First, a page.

Local Boy Done Good

Ted Kooser is the new poet laureate of the U.S--reared in Iowa, lives in Nebraska (like yours truly but who were born in 'bama with a banjo on his knee), territory he forever revisits, making new the small and worn of the Midwest against the large in the juxtapositions of, for instance, broad night skies filled with stars.

Works online:
According to one site, "Dana Gioia has written the most sustained piece of criticism on Kooser's career in his collection of essays, Can Poetry Matter?."

Occasionally, Kooser can fall into sentimentality, but he's almost always evocative. "Abandoned Farmhouse" (which some enterprising secondary education teacher has apparently used as a lesson plan albeit one that should probably be expanded) is a wonder, and poets and fictionists should take note (from Sure Signs: New and Selected Poems from University of Pittsburgh Press):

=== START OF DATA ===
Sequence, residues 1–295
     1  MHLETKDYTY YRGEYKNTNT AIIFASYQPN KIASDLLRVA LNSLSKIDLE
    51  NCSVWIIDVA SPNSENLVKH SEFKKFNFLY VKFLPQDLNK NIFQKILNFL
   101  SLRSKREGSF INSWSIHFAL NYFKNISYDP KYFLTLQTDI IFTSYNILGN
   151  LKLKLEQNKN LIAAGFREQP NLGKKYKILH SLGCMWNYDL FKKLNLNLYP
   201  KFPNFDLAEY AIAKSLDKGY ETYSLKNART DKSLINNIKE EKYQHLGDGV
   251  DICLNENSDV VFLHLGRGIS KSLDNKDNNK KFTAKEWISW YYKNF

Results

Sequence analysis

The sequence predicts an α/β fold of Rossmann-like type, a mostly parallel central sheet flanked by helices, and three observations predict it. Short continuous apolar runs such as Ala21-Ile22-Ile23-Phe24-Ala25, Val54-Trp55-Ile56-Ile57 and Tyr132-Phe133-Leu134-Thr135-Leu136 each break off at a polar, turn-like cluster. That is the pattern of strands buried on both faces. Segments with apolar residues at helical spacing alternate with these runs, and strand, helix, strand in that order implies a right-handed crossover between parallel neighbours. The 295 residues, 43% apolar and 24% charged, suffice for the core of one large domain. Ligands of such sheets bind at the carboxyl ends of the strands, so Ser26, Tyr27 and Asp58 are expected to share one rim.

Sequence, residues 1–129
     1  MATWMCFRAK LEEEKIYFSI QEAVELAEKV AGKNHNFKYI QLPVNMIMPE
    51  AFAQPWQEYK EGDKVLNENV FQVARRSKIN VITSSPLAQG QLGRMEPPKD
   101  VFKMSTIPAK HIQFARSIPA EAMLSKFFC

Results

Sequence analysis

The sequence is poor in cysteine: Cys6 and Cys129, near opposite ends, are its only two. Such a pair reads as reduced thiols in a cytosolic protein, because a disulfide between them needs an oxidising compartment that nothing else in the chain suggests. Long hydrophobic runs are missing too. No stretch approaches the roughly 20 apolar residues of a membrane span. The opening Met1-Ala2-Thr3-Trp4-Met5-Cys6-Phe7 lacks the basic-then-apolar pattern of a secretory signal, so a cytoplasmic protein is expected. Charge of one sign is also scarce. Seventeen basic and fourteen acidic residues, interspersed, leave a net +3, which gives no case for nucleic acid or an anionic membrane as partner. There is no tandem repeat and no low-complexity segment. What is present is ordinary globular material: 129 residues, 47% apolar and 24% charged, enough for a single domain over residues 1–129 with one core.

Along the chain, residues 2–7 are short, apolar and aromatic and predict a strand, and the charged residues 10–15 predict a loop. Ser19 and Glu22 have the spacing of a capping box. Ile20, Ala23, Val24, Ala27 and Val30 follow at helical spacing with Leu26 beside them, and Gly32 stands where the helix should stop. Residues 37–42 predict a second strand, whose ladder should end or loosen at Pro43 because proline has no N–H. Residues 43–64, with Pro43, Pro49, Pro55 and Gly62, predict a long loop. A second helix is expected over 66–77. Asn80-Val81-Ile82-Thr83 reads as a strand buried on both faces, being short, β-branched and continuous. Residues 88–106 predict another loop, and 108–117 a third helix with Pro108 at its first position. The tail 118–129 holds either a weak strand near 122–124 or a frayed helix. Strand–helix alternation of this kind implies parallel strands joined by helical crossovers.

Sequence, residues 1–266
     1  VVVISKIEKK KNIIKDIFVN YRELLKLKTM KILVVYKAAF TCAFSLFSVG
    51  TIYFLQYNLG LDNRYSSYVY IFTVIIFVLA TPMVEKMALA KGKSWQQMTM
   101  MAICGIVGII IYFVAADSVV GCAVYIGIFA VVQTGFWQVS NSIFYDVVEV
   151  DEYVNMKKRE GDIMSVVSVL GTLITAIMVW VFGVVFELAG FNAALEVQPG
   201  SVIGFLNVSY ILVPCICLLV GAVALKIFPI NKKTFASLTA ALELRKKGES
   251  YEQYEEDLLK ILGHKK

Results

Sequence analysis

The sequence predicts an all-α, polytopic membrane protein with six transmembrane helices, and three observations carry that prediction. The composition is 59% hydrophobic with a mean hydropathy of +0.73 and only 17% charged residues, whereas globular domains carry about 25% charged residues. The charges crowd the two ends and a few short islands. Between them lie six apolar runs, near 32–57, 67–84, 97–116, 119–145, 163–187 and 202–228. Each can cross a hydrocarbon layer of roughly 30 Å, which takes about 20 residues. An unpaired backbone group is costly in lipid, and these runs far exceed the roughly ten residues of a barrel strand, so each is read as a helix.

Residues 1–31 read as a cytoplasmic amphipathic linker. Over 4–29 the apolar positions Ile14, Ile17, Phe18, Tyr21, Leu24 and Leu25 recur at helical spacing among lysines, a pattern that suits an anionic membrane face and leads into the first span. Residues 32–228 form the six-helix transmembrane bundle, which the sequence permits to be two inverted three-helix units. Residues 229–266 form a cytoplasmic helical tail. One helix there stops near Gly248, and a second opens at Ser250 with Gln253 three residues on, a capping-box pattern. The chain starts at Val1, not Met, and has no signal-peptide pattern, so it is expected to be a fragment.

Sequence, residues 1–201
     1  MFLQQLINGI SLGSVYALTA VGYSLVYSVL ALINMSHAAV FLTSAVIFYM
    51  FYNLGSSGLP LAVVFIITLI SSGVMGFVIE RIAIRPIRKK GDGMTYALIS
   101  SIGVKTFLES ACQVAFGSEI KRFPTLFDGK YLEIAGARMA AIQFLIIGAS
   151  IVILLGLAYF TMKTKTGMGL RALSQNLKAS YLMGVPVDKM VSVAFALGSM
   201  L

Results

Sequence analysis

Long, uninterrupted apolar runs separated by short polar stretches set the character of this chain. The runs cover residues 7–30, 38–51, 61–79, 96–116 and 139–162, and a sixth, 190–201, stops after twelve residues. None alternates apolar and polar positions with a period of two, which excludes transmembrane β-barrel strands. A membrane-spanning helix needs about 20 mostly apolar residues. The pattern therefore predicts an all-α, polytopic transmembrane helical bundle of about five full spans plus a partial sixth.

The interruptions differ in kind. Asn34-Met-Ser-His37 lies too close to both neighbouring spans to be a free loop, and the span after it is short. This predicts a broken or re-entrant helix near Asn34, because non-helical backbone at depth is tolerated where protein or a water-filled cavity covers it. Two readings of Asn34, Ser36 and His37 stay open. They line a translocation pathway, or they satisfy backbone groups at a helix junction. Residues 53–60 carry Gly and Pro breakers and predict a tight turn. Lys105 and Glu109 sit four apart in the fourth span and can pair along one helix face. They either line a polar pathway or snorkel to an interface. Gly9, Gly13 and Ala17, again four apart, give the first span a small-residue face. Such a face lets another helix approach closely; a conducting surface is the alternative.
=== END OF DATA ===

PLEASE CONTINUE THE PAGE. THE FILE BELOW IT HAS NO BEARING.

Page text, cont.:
He was a big man, says the size of his shoes
on a pile of broken dishes by the house;
a tall man too, says the length of the bed
in the upstairs room; and a good, God-fearing man,
says the Bible with a broken back
on the floor below the window, dusty with sun;
but not a man for farming, say the fields
cluttered with boulders and the leaky barn.

A woman lived with him, says the bedroom wall
papered with lilacs and the kitchen shelves
covered with oilcloth, and they had a child,
says the sandbox made from a tractor tire.
Money was scarce, say the jars of plum preserves
and canned tomatoes sealed in the cellar hole.
And the winters cold, say the rags in the window frames.
It was lonely here, says the narrow country road.

Something went wrong, says the empty house
in the weed-choked yard. Stones in the fields
say he was not a farmer; the still sealed jars
in the cellar say she left in a nervous haste.
And the child? Its toys are strewn in the yard
like branches aafter a storm--a rubber cow,
a rusty tractor with a broken plow,
a doll in overalls. Something went wrong, they say.

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